involves the prevention, diagnosis and treatment of a wide variety of conditions, disorders and diseases affecting the teeth, gums, jaw and face.
Dental exams and cleans
Fillings and Bonding
Root canal treatment
Crowns and bridges
Periodontal (gum) treatments
Cosmetic Dental Care
Extractions (+ Wisdom Teeth)
Orthodontic treatment (+ Clear Aligners)
Since 1996, we have been serving patients from Wheelers Hill, Waverley Park, Glen Waverley, Mount Waverley, Rowville, Scoresby, Noble Park, Dandenong North, Springvale, Clayton and surrounding suburbs a range of simple and more complex general dentistry treatments.
Waverley Gardens Dental Clinic is passionate about keeping the oral health of patients of all ages in prime condition to ensure everyone in Mulgrave can go through life smiling with confidence.
Regular Dental Examination
Dental visits every six months
Have you ever wondered why the Australian Dental Association and your dentist recommend you come back every six months? It’s because regular dental visits are essential for the maintenance of healthy teeth and gums. And in between those examinations, it’s important that you work to keep your teeth and gums clean and healthy. If you need additional help, your dentist may even suggest more frequent visits.
What happens during a regular visit?
Checking your teeth for tooth decay is just one part of a thorough dental examination. During your checkup appointment, your dentist (or dental hygienist) will likely evaluate the health of your gums, perform a head and neck examination (to look for anything out of the ordinary) and examine your mouth for any indications of oral cancer, diabetes or vitamin deficiencies.
Don’t be surprised if your dentist also examines your face, bite, saliva and movement of your lower jaw joints (TMJs). Your dentist or dental hygienist will then clean your teeth and stress the importance of maintaining good oral hygiene at home between visits.
Many dentists will pay special attention to plaque and tartar. This is because plaque and tartar can build up in a very short time if good oral hygiene is not practised between visits. Food, beverages and tobacco can stain teeth as well. If not removed, soft plaque can harden on the teeth and irritate the gum tissue. If not treated, plaque can lead to gum disease.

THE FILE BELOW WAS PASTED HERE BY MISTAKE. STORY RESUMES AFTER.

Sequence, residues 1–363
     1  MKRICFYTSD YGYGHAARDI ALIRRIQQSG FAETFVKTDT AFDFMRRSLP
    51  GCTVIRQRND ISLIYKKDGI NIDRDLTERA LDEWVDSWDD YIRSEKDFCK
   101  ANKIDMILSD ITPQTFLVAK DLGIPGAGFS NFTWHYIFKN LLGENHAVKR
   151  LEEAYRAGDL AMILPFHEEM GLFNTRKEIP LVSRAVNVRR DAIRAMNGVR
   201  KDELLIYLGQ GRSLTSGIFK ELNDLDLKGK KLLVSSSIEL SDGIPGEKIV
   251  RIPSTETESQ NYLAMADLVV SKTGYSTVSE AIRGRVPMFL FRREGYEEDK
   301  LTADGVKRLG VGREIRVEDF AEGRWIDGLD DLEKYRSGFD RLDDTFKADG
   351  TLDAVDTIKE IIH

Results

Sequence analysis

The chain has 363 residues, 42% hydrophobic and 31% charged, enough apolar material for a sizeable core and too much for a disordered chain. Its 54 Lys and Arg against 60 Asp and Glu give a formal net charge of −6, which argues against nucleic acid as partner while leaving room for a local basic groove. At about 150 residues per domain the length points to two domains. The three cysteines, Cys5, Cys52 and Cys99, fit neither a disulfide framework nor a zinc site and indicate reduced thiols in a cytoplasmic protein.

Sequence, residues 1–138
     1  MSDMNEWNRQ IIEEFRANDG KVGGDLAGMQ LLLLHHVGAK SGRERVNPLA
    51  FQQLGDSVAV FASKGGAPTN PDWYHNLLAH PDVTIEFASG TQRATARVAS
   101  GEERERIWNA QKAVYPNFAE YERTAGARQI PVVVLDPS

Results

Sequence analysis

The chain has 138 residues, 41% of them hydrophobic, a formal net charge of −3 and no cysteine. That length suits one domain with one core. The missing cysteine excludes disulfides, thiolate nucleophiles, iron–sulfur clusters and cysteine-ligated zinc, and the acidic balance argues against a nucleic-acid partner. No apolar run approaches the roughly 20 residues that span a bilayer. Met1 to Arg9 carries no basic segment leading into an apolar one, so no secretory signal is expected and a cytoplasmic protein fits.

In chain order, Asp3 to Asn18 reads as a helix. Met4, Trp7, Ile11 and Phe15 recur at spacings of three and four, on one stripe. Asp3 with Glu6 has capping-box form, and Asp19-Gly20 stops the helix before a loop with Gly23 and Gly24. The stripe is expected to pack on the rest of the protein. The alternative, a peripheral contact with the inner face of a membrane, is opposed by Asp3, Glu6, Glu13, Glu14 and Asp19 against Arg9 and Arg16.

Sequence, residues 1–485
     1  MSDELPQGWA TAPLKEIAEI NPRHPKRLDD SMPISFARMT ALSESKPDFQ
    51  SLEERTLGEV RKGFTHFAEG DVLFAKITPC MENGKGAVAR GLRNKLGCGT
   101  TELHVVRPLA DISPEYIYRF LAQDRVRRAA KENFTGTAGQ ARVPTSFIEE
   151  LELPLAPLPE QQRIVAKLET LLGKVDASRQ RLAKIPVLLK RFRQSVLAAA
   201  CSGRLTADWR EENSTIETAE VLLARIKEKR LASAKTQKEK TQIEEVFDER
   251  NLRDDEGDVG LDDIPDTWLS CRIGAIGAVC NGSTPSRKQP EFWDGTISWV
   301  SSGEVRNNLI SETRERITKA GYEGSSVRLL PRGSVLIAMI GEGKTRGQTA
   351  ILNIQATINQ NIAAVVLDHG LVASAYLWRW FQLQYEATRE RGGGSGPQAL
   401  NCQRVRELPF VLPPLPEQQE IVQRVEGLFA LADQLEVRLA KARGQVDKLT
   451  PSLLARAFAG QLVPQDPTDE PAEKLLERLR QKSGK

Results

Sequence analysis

What is a filling?
Fillings help restore teeth that have been damaged by decay and can prevent further decay. Your dentist will consider a number of factors when choosing which type of filling material is best for you. These factors include the extent of the repair, where in your mouth the filling is needed and the cost.
A filling is a way to restore a tooth damaged by decay back to its normal function and shape. When a dentist gives you a filling, he or she first removes the decayed tooth material, cleans the affected area and then fills the cleaned out cavity with a filling material.
By closing off spaces where bacteria can enter, a filling also helps prevent further decay. Materials used for fillings include gold, porcelain, a composite resin (tooth coloured fillings) and an amalgam (an alloy of mercury, silver, copper, tin and sometimes zinc).
Your dentist or hygienist can help you learn good oral hygiene techniques and can help point out areas of your mouth that may require extra attention during brushing and flossing.
Maintaining good oral hygiene is one of the most important things you can do for your teeth and gums. Healthy teeth not only enable you to look and feel good, they make it possible to eat and speak properly. Good oral health is important to your overall well-being.
Daily preventive care, including proper brushing and flossing, will help stop problems before they develop and are much less painful, expensive and worrisome than treating conditions that have been allowed to progress.
Some things you can do to keep your mouth and teeth healthy are brushing thoroughly twice a day, flossing daily, eating a balanced diet and limiting snacks between meals. You should also use toothpaste and dental products that contain fluoride, rinse with a fluoride mouth rinse and make sure that your children under 12 drink fluoridated water or take a fluoride supplement if they live in an area without fluoridated water.
Gum disease is an inflammation of the gum line that can progress to affect the bone that surrounds and supports your teeth. The three stages of gum disease – from least to most severe – are gingivitis, periodontitis and advanced periodontitis.
Periodontal diseases range from simple gum inflammation to a serious disease that results in major damage to the soft tissue and bone that support the teeth. In the worst cases, teeth are lost.
Gum disease is a threat to your oral health. Research is also pointing to possible health effects of periodontal diseases that go well beyond your mouth. Whether the disease has stopped, slowed or gotten worse depends a great deal on how well you care for your teeth and gums every day.
To help prevent periodontal diseases, be sure to brush your teeth twice a day (with a fluoride toothpaste), floss every day, visit the dentist routinely for a checkup and professional cleaning, eat a well-balanced diet and don’t use tobacco products.